Each of the Price Community Scholars, selected from a pool of freshmen who will enroll at SDSU this fall, will help support and motivate their mentees over the next four years as they prepare for and eventually apply to colleges.

Funded by a four-year, $472,500 grant from the Price Family Charitable Fund, each scholar will receive an annual scholarship up to $7,500.
Price Scholar Isamaria Cortes, 17, will graduate from Crawford High School in June. Cortes was accepted to U.C. Berkeley and U.C.L.A. but said the opportunity to give back to her community as part of the Price Community Scholars program was one she could not pass up.

Giving Back: “I’ve been lucky to have a lot of people who helped me to find my way since I was a kid,” Cortes said. “It feels good to have someone who believes in you. Everybody should have that somebody.”
Cortes hopes to be that ‘somebody’ for the three students she will mentor as a Price Community Scholar, but she said she knows the experience will be of equal benefit to her.

“Having someone look up to you makes you want to be a better person so being a Price Scholar will give us a purpose while we are students at SDSU,” said Cortes, a first-generation college student who plans to major in biology and eventually go into the medical field.

Supporting the best and brightest: Cortes and the other Price Community Scholars are among the brightest of SDSU’s incoming 2012 class with an average high school grade point average of 3.91. Most of them graduated from Crawford or Hoover High School but all reside in the City Heights area.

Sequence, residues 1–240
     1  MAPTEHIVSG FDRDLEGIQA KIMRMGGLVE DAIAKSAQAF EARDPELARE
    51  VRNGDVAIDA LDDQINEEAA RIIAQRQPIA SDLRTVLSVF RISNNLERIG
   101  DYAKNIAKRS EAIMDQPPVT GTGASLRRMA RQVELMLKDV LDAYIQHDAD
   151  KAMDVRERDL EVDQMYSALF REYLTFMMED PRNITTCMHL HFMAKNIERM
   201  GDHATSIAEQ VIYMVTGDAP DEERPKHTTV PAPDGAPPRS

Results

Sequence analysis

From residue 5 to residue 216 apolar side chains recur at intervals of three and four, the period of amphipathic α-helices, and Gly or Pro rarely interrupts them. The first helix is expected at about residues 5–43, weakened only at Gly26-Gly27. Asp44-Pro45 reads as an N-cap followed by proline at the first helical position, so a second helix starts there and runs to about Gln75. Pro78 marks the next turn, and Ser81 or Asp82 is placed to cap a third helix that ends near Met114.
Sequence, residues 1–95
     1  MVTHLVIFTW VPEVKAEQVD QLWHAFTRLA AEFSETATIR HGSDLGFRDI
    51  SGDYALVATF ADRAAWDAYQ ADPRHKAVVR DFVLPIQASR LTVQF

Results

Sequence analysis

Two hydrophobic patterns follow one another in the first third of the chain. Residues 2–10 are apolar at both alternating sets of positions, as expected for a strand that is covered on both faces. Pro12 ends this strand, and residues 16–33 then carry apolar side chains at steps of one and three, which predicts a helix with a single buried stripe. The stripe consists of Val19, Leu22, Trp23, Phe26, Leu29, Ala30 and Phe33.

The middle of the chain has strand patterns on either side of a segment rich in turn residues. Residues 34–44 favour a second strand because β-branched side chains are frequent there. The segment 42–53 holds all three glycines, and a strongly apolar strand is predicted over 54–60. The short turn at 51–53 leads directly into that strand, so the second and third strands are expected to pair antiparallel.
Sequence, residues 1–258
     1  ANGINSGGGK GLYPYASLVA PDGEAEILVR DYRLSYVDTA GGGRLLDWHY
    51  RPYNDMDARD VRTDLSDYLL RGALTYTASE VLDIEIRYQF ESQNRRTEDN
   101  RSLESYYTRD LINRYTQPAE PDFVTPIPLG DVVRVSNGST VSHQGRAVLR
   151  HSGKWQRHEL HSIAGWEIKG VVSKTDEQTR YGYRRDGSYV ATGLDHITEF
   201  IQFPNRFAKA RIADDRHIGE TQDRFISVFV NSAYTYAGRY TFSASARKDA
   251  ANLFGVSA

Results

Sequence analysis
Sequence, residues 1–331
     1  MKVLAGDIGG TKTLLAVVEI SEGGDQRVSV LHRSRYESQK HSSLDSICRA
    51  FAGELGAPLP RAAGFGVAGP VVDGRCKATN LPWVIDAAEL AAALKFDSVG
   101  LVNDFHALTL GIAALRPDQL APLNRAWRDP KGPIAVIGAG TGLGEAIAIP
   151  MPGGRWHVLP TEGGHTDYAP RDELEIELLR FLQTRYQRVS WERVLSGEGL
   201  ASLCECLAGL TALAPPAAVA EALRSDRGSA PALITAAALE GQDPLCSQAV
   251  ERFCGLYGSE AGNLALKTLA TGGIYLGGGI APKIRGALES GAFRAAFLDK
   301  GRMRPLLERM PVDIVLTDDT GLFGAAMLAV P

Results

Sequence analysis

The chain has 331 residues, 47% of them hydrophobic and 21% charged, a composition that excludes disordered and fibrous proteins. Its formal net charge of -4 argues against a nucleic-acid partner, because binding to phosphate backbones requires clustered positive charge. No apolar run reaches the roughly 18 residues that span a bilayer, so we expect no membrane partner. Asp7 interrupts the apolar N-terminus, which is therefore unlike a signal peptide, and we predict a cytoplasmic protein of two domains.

“The Price Community Scholars program is a major step forward for San Diego State University and City Heights,” said SDSU President Elliot Hirshman.

“We are deeply grateful to the Price Family Charitable Fund for joining us in envisioning how San Diego’s best and brightest students can develop their leadership abilities while giving back to the City Heights community and mentoring our next generation of high-achieving students. This is a great example of how ‘Leadership Starts Here’ at San Diego State University.”

As mentors, the Price Community Scholars will be enrolled in an academic learning community with a focus on service learning where they will be trained to provide their middle school mentees with support and guidance that will prepare them for higher education.

Fueling potential “The Price Scholars will provide the social and cultural capital that first-generation college students might not have because their parents did not go to college,” said Eric Rivera, associate vice president of student affairs, who will help oversee the program.

The scholars will also be given tools to help their mentees develop and enhance essential academic skills in both math and writing.

SDSU selected the 15 Price Community Scholars after interviewing nearly 50 local incoming first-time freshmen who are enrolling at SDSU in fall 2012. They will serve in the program for four years.

The middle-school participants will be selected through consultation with counselors and teachers.
“We want this program to give these middle school students hope, we want them to see their future through the eyes of their SDSU mentors,” Rivera said.

Saturday, May 26, 2012

Pt. Loma Point Loma Pointers get new weight room

Pointers' new weight room  The Pointers of Point Loma High School have a new 3,000-square-foot weight room and exercise facility that all physical education classes and athletes at the school can use.

The new building is located west of the school's track and football field, on land previously occupied by district portables that were demolished in 2008. The construction of the building was funded by more than $816,000 in Proposition S funds, which can only be used for capital improvement projects.